China’s Legislature Approves Hong Kong Security Resolution
China’s legislature, the National People’s Congress (NPC), approved a national security resolution on Hong Kong on Thursday, paving the way for the NPC Standing Committee to draft relevant laws for application in the special administrative region (SAR).
National lawmakers, gathering in Beijing this week for the legislature’s annual meeting, voted on the Hong Kong national security resolution in the afternoon, with 2,878 voting yes and one voting no. Six legislators chose to abstain.
Aimed at preventing national security risks in Hong Kong and punishing those responsible, the resolution requires the territory to quickly complete national security legislation under its mini-constitution, the Basic Law, the official Xinhua news agency reported.
The resolution aims to establish a legal framework and an implementation mechanism that includes allowing national security bodies of the Chinese central government to set up agencies in Hong Kong.
The resolution said the nation resolutely opposes interference in Hong Kong’s affairs by any foreign or external forces in any form and will take necessary countermeasures, Xinhua said.
The resolution empowers the NPC Standing Committee to formulate relevant laws — which will be included in the Annex 3 of the Basic Law — to prevent and punish acts and activities of separatism and subversion in Hong Kong, according to Xinhua.
The NPC Standing Committee has not yet released any details about the schedule for drafting the relevant laws.
The passage of the resolution comes as the United States is ramping up its opposition to the legislative effort from Beijing to tighten its grip on national security in Hong Kong.
Mike Pompeo, the U.S. secretary of state, warned in a statement Wednesday that China’s national security efforts related to Hong Kong “fundamentally undermine Hong Kong’s autonomy and freedoms,” and thus the U.S. could revoke the city’s special status under U.S. law.
“The State Department is required by the Hong Kong Policy Act to assess the autonomy of the territory from China. After careful study of developments over the reporting period, I certified to Congress today that Hong Kong does not continue to warrant treatment under United States laws in the same manner as U.S. laws were applied to Hong Kong before July 1997,” the statement said.
The U.S.’ Hong Kong Policy Act, enacted in 1992, had allowed Washington to continue to treat Hong Kong separately from the Chinese mainland for trade and economic matters since its sovereignty was transferred from the United Kingdom to China in 1997.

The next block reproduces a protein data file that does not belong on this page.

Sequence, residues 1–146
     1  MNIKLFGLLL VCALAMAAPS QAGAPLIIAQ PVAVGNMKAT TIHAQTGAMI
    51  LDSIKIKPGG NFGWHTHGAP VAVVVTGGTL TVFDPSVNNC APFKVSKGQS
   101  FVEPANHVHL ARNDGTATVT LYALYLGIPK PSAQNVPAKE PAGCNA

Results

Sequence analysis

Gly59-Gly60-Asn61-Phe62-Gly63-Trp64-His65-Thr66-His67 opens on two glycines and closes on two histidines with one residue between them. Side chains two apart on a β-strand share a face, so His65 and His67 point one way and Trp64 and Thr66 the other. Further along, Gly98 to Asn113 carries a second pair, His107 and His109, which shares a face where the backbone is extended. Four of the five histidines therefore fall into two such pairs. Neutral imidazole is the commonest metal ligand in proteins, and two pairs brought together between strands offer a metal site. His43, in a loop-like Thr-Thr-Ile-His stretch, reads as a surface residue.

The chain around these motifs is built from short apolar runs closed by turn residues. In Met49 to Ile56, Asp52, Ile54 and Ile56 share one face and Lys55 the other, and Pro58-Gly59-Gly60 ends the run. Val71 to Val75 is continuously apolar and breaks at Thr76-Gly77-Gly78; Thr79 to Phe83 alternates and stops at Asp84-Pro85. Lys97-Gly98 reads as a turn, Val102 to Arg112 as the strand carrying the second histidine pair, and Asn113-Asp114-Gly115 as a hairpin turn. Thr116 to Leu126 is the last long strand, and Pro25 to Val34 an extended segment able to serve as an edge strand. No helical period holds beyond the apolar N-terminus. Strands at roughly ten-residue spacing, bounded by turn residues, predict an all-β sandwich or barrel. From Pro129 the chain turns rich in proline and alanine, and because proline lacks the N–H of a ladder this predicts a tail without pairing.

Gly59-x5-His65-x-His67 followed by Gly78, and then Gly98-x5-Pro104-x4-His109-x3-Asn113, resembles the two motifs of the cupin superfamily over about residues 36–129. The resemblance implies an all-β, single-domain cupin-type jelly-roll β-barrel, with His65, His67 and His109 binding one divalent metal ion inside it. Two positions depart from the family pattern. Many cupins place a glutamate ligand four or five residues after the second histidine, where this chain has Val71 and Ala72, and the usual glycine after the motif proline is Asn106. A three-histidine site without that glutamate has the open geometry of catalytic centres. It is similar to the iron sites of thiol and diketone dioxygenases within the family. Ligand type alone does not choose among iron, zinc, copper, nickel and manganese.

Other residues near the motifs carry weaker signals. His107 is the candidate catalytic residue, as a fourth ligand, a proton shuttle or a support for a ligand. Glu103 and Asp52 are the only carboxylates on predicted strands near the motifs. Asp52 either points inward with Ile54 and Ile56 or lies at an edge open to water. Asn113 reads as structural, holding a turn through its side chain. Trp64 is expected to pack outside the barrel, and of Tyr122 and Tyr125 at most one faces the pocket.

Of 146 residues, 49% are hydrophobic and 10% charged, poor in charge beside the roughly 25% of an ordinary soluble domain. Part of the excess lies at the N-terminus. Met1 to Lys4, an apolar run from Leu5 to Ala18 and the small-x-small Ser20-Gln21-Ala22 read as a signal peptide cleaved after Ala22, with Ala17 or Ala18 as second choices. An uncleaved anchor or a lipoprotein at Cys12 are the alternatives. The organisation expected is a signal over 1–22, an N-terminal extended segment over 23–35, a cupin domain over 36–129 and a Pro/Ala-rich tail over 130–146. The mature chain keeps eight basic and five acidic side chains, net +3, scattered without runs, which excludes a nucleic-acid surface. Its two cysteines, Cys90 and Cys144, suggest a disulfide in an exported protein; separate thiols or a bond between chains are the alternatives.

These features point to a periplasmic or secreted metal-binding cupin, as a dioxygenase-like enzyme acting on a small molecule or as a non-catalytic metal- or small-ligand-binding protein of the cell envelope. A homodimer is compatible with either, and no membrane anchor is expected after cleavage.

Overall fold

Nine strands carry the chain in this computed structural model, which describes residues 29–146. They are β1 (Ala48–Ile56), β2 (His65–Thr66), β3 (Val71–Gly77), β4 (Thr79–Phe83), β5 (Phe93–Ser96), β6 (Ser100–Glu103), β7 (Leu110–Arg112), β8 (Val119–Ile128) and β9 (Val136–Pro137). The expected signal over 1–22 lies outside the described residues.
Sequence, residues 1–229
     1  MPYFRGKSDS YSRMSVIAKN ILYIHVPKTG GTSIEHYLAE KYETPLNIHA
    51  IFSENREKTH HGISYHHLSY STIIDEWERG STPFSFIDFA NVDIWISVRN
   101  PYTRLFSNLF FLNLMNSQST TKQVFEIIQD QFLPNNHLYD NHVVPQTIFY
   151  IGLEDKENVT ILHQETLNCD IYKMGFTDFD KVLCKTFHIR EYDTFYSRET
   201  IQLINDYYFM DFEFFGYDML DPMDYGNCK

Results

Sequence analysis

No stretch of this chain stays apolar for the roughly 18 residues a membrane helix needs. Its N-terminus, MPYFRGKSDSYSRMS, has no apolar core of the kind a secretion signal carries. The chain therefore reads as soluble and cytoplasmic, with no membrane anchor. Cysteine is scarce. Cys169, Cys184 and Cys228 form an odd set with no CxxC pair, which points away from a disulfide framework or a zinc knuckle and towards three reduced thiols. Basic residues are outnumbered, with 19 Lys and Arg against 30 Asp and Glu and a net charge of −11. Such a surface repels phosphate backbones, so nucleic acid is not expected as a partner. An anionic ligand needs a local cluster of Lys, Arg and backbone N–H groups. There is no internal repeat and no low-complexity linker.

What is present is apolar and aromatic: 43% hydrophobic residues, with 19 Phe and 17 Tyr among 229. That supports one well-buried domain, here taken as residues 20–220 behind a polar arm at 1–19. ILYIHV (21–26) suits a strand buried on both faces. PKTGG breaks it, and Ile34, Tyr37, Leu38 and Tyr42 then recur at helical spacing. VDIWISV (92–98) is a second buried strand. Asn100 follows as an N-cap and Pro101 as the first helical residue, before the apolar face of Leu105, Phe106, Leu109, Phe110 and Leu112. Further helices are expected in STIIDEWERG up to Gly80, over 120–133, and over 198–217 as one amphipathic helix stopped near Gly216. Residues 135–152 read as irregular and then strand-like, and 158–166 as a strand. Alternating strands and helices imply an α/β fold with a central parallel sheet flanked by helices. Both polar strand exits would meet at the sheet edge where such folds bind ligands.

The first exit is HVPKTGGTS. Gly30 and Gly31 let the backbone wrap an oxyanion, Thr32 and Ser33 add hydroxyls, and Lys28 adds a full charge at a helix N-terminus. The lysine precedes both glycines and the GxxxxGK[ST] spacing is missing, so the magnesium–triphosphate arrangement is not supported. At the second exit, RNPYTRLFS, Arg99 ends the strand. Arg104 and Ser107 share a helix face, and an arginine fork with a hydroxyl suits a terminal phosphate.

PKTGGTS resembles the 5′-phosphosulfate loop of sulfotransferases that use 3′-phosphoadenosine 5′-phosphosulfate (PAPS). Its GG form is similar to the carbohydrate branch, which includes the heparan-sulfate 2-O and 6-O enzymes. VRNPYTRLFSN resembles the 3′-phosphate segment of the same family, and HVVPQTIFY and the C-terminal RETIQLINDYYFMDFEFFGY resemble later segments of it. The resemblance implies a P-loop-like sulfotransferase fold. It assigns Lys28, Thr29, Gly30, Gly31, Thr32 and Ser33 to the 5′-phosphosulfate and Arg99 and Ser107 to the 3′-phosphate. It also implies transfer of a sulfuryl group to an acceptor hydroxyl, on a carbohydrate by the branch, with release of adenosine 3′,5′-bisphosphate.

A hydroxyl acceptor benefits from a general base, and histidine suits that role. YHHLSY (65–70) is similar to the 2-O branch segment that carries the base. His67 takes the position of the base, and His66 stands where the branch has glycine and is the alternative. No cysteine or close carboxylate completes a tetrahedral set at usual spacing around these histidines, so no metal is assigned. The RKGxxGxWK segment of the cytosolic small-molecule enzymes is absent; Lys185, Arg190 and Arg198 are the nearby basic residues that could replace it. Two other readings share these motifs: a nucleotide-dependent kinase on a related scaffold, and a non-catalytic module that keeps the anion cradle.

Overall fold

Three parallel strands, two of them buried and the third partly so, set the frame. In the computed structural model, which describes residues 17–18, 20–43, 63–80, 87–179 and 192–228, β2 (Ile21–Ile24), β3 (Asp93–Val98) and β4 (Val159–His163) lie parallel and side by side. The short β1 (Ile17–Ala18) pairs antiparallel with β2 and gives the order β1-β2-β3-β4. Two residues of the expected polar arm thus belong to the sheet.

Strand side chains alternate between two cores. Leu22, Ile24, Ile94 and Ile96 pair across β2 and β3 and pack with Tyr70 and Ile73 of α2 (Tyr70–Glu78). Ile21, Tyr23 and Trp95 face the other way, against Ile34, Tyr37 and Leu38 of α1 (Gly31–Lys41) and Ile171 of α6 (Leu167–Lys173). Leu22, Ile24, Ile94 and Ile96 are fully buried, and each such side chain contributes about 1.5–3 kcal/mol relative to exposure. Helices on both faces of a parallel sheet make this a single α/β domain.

On Thursday, the Chinese foreign ministry’s office in Hong Kong hit back at Pompeo, saying the top American diplomat's “accusations are smears and distortion of the ‘One Country, Two Systems.’”
“It is utterly imperious, unreasonable and shameless for American politicians to obstruct the national security legislation for Hong Kong with threats of sanctions based on U.S. domestic law,” the office said in a statement.
Pompeo’s declaration has thrown Hong Kong’s special status under U.S. law into question. Washington could change its current policy, which regards Hong Kong as a separate tariff zone with different export control measures than the mainland.
Facing growing concern over the Hong Kong Special Administrative Region’s (HKSAR) degree of autonomy, the local government has been offering assurances about the city’s future.
Hong Kong Chief Executive Carrie Lam said in a statement Monday that the legislation “only targets acts of secession, subverting state power and organizing and carrying out terrorist activities, as well as activities interfering with the HKSAR's internal affairs by foreign or external forces.”
Lam said it “will not affect … the independent judicial power, including that of final adjudication, exercised by the Judiciary in Hong Kong.”
Business tycoons in Hong Kong including Li Ka-shing, the Asian financial hub’s richest man, have publicly defended the national security law.
Li said in a statement (link in Chinese) Wednesday that “it is within each and every nation’s [sovereign] right to address its national security concerns.”
Citing anonymous sources, Reuters reported on Tuesday that the relevant laws could block foreign judges who have seats in Hong Kong’s courts from handling national security cases.
It could also see both central and city government security agencies establish presences in Hong Kong, the report said.
Contact reporter Lu Zhenhua (email@example.com) and editor Michael Bellart (firstname.lastname@example.org)
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